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Main Question or Discussion Point
Consider a vertical pendulum affected by gravity (See the pdf file i included). Now i can choose two different opposite directions for my unit vectors which give me different equations.
[tex]\downarrow : m\ddot x = mgkx [/tex]
[tex]\uparrow : m\ddot x = kxmg[/tex]
Which of course makes perfect sense, changing direction changes the sign. The problem is now if i want to solve them the second case yields a weird result.
so in the first case the (real) solution would be (if we set ##\omega _n^2 = \frac{k}{m}##)
[tex]x = Acos(\omega _n t )+ Bsin(\omega _n t) + \frac{mg}{k}[/tex]
and for the second case
[tex]x = Ae^{\omega _n t} + Be^{\omega _n t} +\frac{mg}{k}[/tex]
So what I'm wondering why i would get a different solution just by changing the direction of the unit vector and how i can reconcile the approaches or know how i should choose the direction of my unit vectors.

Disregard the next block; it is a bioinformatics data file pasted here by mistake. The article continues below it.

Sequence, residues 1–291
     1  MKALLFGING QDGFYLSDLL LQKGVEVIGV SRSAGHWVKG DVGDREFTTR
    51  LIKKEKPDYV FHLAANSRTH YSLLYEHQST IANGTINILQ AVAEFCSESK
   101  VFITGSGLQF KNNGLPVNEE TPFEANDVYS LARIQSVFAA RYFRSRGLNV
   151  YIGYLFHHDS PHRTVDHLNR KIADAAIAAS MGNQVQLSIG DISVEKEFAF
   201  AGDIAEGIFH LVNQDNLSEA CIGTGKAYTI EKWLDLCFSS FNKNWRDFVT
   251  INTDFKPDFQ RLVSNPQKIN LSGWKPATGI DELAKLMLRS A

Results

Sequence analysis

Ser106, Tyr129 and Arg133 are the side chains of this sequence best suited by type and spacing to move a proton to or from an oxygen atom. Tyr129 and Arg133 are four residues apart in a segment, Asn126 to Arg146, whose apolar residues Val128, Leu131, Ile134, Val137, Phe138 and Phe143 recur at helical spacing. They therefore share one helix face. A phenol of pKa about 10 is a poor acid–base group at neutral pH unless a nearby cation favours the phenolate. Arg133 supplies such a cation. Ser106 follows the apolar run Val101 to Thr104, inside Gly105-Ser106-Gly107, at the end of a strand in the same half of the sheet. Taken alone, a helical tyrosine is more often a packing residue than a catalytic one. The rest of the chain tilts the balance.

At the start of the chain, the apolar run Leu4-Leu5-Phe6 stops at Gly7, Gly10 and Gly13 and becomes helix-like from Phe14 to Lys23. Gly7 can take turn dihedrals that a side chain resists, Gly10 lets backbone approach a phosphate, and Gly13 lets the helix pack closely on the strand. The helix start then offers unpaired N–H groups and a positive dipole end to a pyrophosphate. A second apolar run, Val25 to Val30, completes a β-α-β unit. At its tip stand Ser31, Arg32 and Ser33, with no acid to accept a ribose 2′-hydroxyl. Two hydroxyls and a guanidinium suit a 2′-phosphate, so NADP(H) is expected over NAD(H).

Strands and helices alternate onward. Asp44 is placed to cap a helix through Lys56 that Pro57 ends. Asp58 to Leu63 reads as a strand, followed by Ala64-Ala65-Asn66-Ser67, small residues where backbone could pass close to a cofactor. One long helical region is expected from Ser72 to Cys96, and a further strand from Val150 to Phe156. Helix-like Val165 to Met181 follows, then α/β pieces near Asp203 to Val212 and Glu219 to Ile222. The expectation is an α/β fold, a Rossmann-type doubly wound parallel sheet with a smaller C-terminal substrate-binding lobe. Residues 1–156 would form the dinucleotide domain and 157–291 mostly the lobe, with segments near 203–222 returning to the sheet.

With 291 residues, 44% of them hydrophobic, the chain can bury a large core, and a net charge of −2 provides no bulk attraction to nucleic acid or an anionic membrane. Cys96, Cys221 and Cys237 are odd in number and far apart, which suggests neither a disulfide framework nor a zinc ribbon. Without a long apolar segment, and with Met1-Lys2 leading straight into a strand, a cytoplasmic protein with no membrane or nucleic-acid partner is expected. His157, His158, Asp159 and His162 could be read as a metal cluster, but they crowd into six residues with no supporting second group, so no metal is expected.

[tex]\downarrow : m\ddot x = mgkx [/tex]
[tex]\uparrow : m\ddot x = kxmg[/tex]
Which of course makes perfect sense, changing direction changes the sign. The problem is now if i want to solve them the second case yields a weird result.
so in the first case the (real) solution would be (if we set ##\omega _n^2 = \frac{k}{m}##)
[tex]x = Acos(\omega _n t )+ Bsin(\omega _n t) + \frac{mg}{k}[/tex]
and for the second case
[tex]x = Ae^{\omega _n t} + Be^{\omega _n t} +\frac{mg}{k}[/tex]
So what I'm wondering why i would get a different solution just by changing the direction of the unit vector and how i can reconcile the approaches or know how i should choose the direction of my unit vectors.
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